We try out the all-new Suzuki Swift to see if this model, like its predecessor, causes a paradigm shift in the hatchback segment.
If you think about it, the history of hatchbacks in our country can be divided into two eras – Before Swift and After Swift.
You see, when the Maruti Suzuki Swift was introduced in the middle of the last decade, it was so much more stylish than its rivals, and it drove so much better than any other small car of the time that it became an instant game-changer. In many ways, it opened up the premium end of the hatchback market – a segment that’s now thriving with the likes of the Skoda Fabia, Hyundai i20, Volkswagen Polo, and a number of new entrants. So, is what we have here – the all-new Swift – as much of a paradigm shift?
Well, visually it doesn’t seem so. It’s more an evolution of the previous generation – a more grown up version so to speak – rather than a drastic redesign. Even though every panel is all new, and the car’s bigger as well, it looks more like a facelift rather than a generation change. Not surprisingly, this does leave most people guessing about just what’s new. Communicating that may pose to be a challenge for Suzuki – especially since everything is in fact new. On the other hand, you can’t really argue with the theory of, ‘If it ain’t broke, don’t fix it.’ After all, the old Maruti Suzuki Swift had a waiting list right up to the point when this new version was introduced – to the extent that people have already been waiting for weeks and months to get their new car. In fact, I almost got assaulted by someone on the road who couldn’t understand how I’d gotten my hands on the new Maruti Suzuki Swift before him – since he had already been waiting for four months. That apart, I, for one, like how it looks – so, I’m not complaining. I even like the oversized head and tail lights, as well as the sweptback style of the alloys on the top-of-the-line ZXi model, which is what we have here.
This car also has the familiar 1.2 litre petrol engine from the previous model, except that it’s been given variable valve timing to bring it up to date – allowing it to provide a claimed fuel economy figure of 18.6 km/l, while still producing 86 horsepower. Now, it could use a little more torque low down, but it’s a tried and tested powerplant that’s extremely usable and refined for everyday use. And there is a bit of a kick at 4000rpm when you do actually feel the variable valve timing kick in. More than ultimate performance, however, its refinement that the engineers have focussed on – and it’s here that they’ve worked wonders. Starting from the interior, which provides the sense of being more mini Kizashi rather than grown up Maruti Suzuki Swift. The fit-and-finish is excellent, and the quality of materials has taken a huge step up. The design as well is contemporary, with silver accents that nicely complement the soft touch plastics. The door panels, however, hint at cost cutting – and, like the old Swift, will most likely form rattles in no time on our less than ideal roads. On the whole, though, the quality is fantastic. And, with 95% Indiginization, it does go to show just how far our components industry has come.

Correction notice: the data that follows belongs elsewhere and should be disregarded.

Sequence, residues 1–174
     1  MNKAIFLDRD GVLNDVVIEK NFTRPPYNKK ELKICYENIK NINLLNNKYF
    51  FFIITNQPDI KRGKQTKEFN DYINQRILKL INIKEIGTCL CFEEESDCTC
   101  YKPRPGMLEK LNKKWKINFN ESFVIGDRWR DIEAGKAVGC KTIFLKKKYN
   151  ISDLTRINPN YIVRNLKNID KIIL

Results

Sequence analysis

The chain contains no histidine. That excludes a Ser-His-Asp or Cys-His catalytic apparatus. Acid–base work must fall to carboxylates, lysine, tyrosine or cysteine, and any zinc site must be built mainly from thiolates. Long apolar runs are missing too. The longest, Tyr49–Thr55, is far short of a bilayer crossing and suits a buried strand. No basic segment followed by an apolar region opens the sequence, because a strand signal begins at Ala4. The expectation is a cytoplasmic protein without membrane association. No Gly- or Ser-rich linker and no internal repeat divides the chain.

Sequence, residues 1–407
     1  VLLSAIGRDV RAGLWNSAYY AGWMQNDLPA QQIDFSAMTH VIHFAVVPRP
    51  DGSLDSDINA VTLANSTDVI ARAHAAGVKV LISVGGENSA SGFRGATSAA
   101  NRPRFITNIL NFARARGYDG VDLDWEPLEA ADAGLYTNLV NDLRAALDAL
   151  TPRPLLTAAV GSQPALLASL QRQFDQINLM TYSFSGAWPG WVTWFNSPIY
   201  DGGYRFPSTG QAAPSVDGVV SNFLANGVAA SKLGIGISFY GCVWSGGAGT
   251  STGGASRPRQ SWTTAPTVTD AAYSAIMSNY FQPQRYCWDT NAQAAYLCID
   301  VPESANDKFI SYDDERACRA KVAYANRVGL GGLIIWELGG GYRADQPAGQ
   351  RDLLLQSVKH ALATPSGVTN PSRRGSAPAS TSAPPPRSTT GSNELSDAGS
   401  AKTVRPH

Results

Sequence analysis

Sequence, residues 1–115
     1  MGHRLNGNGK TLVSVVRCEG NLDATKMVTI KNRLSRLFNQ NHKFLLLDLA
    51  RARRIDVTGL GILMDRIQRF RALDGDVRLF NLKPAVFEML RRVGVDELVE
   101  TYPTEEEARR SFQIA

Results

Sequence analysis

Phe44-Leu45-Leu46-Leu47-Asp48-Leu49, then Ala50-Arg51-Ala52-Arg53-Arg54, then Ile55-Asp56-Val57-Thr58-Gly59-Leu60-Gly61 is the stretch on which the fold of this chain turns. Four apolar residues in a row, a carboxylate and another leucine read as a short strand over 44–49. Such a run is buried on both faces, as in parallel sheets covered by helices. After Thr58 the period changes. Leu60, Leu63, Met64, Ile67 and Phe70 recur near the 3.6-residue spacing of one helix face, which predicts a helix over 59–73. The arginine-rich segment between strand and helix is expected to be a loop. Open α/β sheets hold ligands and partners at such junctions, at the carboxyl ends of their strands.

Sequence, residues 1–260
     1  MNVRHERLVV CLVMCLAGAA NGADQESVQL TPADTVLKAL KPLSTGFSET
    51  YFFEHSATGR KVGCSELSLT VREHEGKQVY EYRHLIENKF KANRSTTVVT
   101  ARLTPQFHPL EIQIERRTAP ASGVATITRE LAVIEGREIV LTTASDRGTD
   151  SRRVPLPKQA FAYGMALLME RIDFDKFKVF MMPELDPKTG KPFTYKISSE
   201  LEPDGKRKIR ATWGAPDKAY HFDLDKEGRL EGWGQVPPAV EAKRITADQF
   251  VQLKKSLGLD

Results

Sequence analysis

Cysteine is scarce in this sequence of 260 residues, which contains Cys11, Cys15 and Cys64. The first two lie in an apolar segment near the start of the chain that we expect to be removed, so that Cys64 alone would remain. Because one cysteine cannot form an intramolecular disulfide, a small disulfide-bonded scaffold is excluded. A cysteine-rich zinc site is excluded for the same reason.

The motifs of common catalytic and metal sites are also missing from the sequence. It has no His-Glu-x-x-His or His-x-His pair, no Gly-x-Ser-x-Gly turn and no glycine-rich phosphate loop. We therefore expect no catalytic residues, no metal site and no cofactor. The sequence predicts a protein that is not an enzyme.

The equipment levels in the ZXi are pretty good as well. It has a digital readout in the center of the instrument cluster that provides an on-board computer, temperature gauge, and clock. You also get an in-built CD player with surprisingly good sound quality, and a USB and auxiliary input, as well as climate control – in addition to a multi-function steering wheel. What’s missing, however, are a few basics like a telescoping steering wheel – this one only adjusts for height – and a dead pedal (a foot rest for your left foot). Plus, the rear seat is still a little claustrophobic, courtesy of its stylish but narrow rear window. Nevertheless, you do get a slightly bigger boot, cup holders aplenty, and, finally, a decent horn.
But, where the engineers have truly worked their magic is in the NVH (Noise Vibration Harshness) department, which is in another league altogether when compared to the outgoing car. The wind noise is minimal, the refinement is excellent, and the ride is exceptional for a small car. In fact, the ride and handling balance is near perfect. The hallmark of the Maruti Suzuki Swift has always been that it’s a fun-to-drive car, and, thankfully, that’s a trait which has been very much retained by this more mature machine. The chassis is stiff, and handling is excellent. The levels of grip are good, even in the wet, but it is let down eventually by its 185/65 R15 MRF ZVTV’s.
On the whole though, while the new Maruti Suzuki Swift may not be a game changer like the previous generation, it certainly does move the game forward in its own right. It’s a great hatch for everyday use – one that’s extremely refined with a great cabin, and still fun-to-drive. The petrol engine is as smooth as ever, and the 1.3 litre CRDi diesel, sourced from Fiat, is there for the taking as well if you travel long distances or just prefer the stronger low end torque of the oil burner (190Nm at 2000rpm versus 114Nm at 4000rpm). And, all of this is available at a very competitive price as well (starting at just 4.2 lakhs). But then it has to be, because this is the most hotly contested space in the Indian automotive industry at the moment – a trend set off by the cars very own predecessor!